Why Red Sox's Recent Additions Don't Mean Young Pitchers Will Be Dealt

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Why Red Sox's Recent Additions Don't Mean Young Pitchers Will Be Dealt

The Boston Red Sox have made a few sensational low-cost, high-reward moves lately, bringing in Rocco Baldelli, Brad Penny, Takashi Saito, and John Smoltz.

This has led several people to posit that the Red Sox may now be more amenable to dealing Michael Bowden, Clay Buchholz, or Justin Masterson for a catcher such as Texas' Jarrod Saltalamacchia or Taylor Teagarden and Arizona's Miguel Montero.

Really? Take a look at this rotation and try to guess what it is:

Josh Beckett
Jon Lester
Daisuke Matsuzaka
Clay Buchholz
Justin Masterson
(6. Michael Bowden)

Give up? It's the Red Sox's current projected 2010 rotation...just a year from now.

Smoltz might be heading into his final major league season...he might not. Either way, to pencil him into the 2010 rotation is foolhardy. Brad Penny is looking for this season to be a bounceback season so he can go on the market again next year and rake in the cash. Sure, he could rake in the cash from Boston, but what if he leaves or this season is a failure?

Then there's Mr. Red Sox, Tim Wakefield. The Red Sox hold a perpetual option for Wake's services, but there's no telling when the day will come that Wake will either hang them up or the Red Sox will bid him adieu.

Oh, and Josh Beckett will be a free agent after 2010, so the 2011 projected rotation gives you the space for Michael Bowden. Not looking so deep now, is it?

Just because the Sox are stacked with pitching depth now doesn't mean they'll be stacked later. Heck, it doesn't mean that for 2009, either. What if Smoltz and Penny can't come back? What if Wakefield's injury issues strike again? Jon Lester regresses? Josh Beckett gets hurt as he used to do in Florida? Dice-K had his own problems in 2008, too.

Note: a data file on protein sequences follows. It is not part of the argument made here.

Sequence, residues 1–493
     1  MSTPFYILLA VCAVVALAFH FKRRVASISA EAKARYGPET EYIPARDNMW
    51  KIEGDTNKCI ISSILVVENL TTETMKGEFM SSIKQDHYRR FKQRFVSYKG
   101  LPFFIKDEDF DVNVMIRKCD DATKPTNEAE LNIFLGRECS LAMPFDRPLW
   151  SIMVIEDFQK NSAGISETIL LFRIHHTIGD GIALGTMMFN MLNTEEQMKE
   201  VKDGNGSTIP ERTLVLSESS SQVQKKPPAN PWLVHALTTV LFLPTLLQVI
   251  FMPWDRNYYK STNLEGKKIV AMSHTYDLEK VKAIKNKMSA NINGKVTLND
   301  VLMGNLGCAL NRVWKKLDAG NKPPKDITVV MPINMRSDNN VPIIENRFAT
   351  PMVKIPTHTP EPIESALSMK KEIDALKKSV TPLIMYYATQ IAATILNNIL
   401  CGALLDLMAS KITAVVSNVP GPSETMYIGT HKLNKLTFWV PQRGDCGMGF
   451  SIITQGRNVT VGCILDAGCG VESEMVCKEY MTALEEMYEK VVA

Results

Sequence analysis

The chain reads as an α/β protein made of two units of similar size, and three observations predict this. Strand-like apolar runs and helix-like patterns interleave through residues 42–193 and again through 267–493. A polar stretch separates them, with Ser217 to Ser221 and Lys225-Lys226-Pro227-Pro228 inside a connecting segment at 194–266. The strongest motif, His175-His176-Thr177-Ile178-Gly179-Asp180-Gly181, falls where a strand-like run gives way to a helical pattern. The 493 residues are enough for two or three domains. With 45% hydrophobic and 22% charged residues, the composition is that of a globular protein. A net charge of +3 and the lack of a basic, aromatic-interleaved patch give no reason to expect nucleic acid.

All of these are certainly worst-case scenarios, but here's the thing: they're also feasible ones.

And that's why the Sox would keep Masterson, Buchholz and Bowden.

Masterson can be an effective two-inning reliever that can keep the pressure off the other pitchers when one fails to go long (looking at you, Dice-K).

Buchholz will likely be on the I-95 shuttle all year as he attempts to firm up his fastball command and get back to his impossibly high ceiling.

Bowden? Bowden is just entering his age-22 year! It's not like he's banging on the door at age 25, demanding a shot.

We have a luxury: a deep pitching staff. Time and time again these last few years, we have been reminded how important it is to have pitching depth. (I still cannot fathom that Kevin Jarvis started even one game—let alone multiple ones—for the Red Sox. I boycotted those games out of abject horror at who was patrolling the mound.)

Of course, I realize the flip side: the Sox will continue to bring in low-risk, high-reward players...could trade for a starting pitcher down the line...could sign one as a free agent the next couple years...but all of these are not set in stone, just like it's not set in stone that John Smoltz will throw 220 innings of a 3.50 ERA and resign for an additional year in Boston.

What IS set in stone is that the Sox have a surplus of young, cost-controlled, quality pitching that should only be moved for the appropriate package. Considering Theo Epstein refuses to trade Bowden straight up for Miguel Montero (a package the Diamondbacks would do), you can see the value teams place on pitching.

It would be more worth it to bring Jason Varitek back for a year or two than it would to give up a valuable piece one, two, three years down the road for a catcher you aren't convinced will succeed. For Joe Mauer? Sign me up. For Montero? I understand the hesitation.

Could these moves have been a precursor to dealing away a young pitcher? Sure, of course. Maybe there's a tacit agreement in place for a trade and Epstein is moving to bolster his pitching depth as the trade gets hammered out. But. Maybe not. Maybe he's making these moves to improve the 2009 team completely independent of the young pitching the Sox have.

So don't be so quick to assume the Sox may be more likely to ship out some of their younger pitching because of these deals. They may choose to hang onto all their pitching to ensure that the Sox have the deepest and most efficient pitching staff in all of the majors in 2009.

Originally written at: http://firebrandal.com/2009/01/12/soxs-recent-additions-dont-mean-young-pitchers-will-be-dealt.html

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